Every story has a season of waiting and perhaps it shouldn’t have surprised me when mine was longer and harder than I expected.
I felt the marks of time. I could follow them by counting my nieces and nephews who were born like clockwork. By each Christmas there was a new baby in our family photos, but it was never mine.
Waiting can include joy, I found, because I delighted in those babies. But it’s also hard and painful and sad.
What I didn’t realize at the beginning was how deep God was willing to go with me. How He would wade right into the miry waters of this extended season right beside me and be everything I needed, long before my circumstances changed.
He had a reason for teaching me to know His presence right there in the waiting.
He knew, of course, that after years passed we would bring home an adopted daughter, then an adopted son. He knew long after I assumed my body would never bear a child, I would miraculously give birth.
But He also knew that there are always seasons of waiting. As soon as one ends, another comes.
In fact, when we stop and look, we realize our lives can be marked by waiting.
Waiting to grow up, waiting to get married, waiting for jobs & houses & friendships & children.
Waiting for deeper things too. Like doctors’ reports and salvation for people we love and justice for those who have been mistreated.
Waiting for hearts to be healed and lives to be restored and even waiting for the last breath of a loved one.
And if we can’t know Him in the waiting, can we ever really know Him at all?
I can tell you, friends, from intense experience, that He is here in the waiting.
I can tell you with stories from my own life that He can be known.
He can be known through infertility, even when the years turn into a decade and longer.
He can be known when the waiting is punctuated by miscarriage and loss.
He can be known through the endless cycle of adoption paperwork.
He can be known through the wait for adopted children to bond and attach to their new family.
He can be known even through the moments of waiting at the deathbeds of babies and grandparents.
The list is endless and goes far beyond my personal struggles with death and infertility and the trauma of adoption. It goes all the way into your place of waiting– the spouse, the job, the answer, the moment– whatever your wait is:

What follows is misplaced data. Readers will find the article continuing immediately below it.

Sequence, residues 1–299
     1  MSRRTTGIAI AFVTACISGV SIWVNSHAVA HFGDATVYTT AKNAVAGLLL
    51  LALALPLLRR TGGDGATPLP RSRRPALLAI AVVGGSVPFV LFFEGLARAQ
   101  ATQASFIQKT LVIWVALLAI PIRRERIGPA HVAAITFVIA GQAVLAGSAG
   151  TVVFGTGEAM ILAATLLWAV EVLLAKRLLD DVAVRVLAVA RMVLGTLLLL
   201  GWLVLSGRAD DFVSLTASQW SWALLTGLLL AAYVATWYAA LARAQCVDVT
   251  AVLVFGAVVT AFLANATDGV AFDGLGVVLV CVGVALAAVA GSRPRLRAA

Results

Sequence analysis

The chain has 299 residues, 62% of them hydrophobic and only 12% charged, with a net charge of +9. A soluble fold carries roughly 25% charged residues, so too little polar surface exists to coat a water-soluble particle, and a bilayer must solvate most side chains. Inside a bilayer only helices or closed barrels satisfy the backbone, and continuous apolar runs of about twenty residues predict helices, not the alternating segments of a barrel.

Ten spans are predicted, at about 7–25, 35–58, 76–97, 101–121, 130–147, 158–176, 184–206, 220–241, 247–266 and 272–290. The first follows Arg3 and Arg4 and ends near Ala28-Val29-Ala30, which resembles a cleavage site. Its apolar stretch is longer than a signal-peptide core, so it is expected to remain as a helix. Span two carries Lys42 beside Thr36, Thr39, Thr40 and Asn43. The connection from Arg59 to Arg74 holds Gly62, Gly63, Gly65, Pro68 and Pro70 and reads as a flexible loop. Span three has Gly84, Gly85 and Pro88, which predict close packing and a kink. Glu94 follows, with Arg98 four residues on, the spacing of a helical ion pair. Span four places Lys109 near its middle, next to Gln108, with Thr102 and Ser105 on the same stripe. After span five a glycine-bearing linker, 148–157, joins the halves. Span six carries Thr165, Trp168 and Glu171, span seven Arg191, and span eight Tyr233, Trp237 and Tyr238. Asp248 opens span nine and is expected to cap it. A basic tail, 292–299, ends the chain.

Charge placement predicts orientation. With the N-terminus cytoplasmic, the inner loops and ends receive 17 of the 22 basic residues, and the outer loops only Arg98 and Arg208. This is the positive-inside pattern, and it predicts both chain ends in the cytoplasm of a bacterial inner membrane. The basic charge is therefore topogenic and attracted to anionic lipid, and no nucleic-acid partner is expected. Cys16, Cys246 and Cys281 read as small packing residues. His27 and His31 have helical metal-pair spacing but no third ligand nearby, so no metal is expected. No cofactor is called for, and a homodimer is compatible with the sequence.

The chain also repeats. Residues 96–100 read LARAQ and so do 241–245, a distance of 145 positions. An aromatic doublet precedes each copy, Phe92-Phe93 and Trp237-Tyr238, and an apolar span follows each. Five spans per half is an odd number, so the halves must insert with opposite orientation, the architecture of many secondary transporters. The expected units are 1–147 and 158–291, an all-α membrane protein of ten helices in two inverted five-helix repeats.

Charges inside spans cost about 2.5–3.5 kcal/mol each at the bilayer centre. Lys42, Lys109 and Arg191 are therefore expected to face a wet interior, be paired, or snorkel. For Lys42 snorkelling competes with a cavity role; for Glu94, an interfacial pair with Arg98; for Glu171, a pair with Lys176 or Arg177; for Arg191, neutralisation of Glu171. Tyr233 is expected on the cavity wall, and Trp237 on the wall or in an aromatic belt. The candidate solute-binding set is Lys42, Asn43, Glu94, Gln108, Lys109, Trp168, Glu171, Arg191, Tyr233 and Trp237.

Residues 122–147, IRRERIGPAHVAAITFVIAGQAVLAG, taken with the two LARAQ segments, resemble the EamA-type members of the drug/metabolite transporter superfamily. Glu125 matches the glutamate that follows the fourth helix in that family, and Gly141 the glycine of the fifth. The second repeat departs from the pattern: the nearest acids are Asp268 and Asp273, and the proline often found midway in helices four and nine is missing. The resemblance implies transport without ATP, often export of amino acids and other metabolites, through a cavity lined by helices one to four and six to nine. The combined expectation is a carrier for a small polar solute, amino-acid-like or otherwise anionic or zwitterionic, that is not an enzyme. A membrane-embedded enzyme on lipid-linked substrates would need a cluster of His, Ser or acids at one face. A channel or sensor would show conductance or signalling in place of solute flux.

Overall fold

He can be known, period.
Here are three simple ways to know God in the waiting.
1. Determine to seek Him.
Over and over in Scripture we are told to seek God.
(Psalm 105:4, Isaiah 55:6, Amos 5:6, Jeremiah 29:13, etc…)
What does that mean?
There are two Hebrew words that we translate seek. The first word, “darash” means to search carefully for something. The second “bakash” means to request something desired.
Seeking comes in two parts. Looking carefully and requesting.
While you are waiting, determine to look carefully for God and continually request His presence.
It doesn’t matter how deep or dirty or painful or heartbreaking your position is, He’s there.
And He can be known in the waiting.
2. Listen closely for the Lord’s voice.
In Psalm 27:11, David asks the Lord to teach him and lead him. In John 10 we’re reminded that God’s sheep know His voice.
Regardless of your personal beliefs about how the Holy Spirit speaks to us, there is no question from Scripture that the Spirit does, indeed, speak.
While you are in your season of waiting, take time to cultivate a listening heart.
If you struggle to know how/when the Lord is speaking– read Scripture. Read the Psalms. Read the gospels. Read the minor prophets.
Get to know the cadence on the Lord’s voice revealed in the Bible and you will know how to listen for Him outside of your reading time.
3. Give thanks for the gifts you already have.
Naming our gifts, counting our blessings, giving testimony…
Call it what you will– the Spiritual Discpline of giving thanks is a vital concept in Scripture.
Besides the majority of the Old Testament, there are instructions to give thanks in Ephesians, Philippians, Colossians, Thessalonians & Hebrews.
Learning the art of identifying the Lord’s blessings can be life changing. It will turn the anxiety of the waiting season into peace.
In the darkest and hardest points of waiting, the practice of naming gifts is what has splintered light back into my life.
In Proverbs 3:6 we’re told to “acknowledge him” in all our ways.
In giving thanks, we are acknowledging the Lord’s presence. Even if this place of waiting feels empty and hollow– it is not all the places.
God is still near.
No matter the circumstances, no matter the sorrow, no matter.
And here is my heart’s cry for you:
That no matter what identifies your season of waiting, you will learn to know this endless truth: Jesus is beside you.
May you seek Him, hear Him, and acknowledge Him in your life.
Today while you wait, and every day after.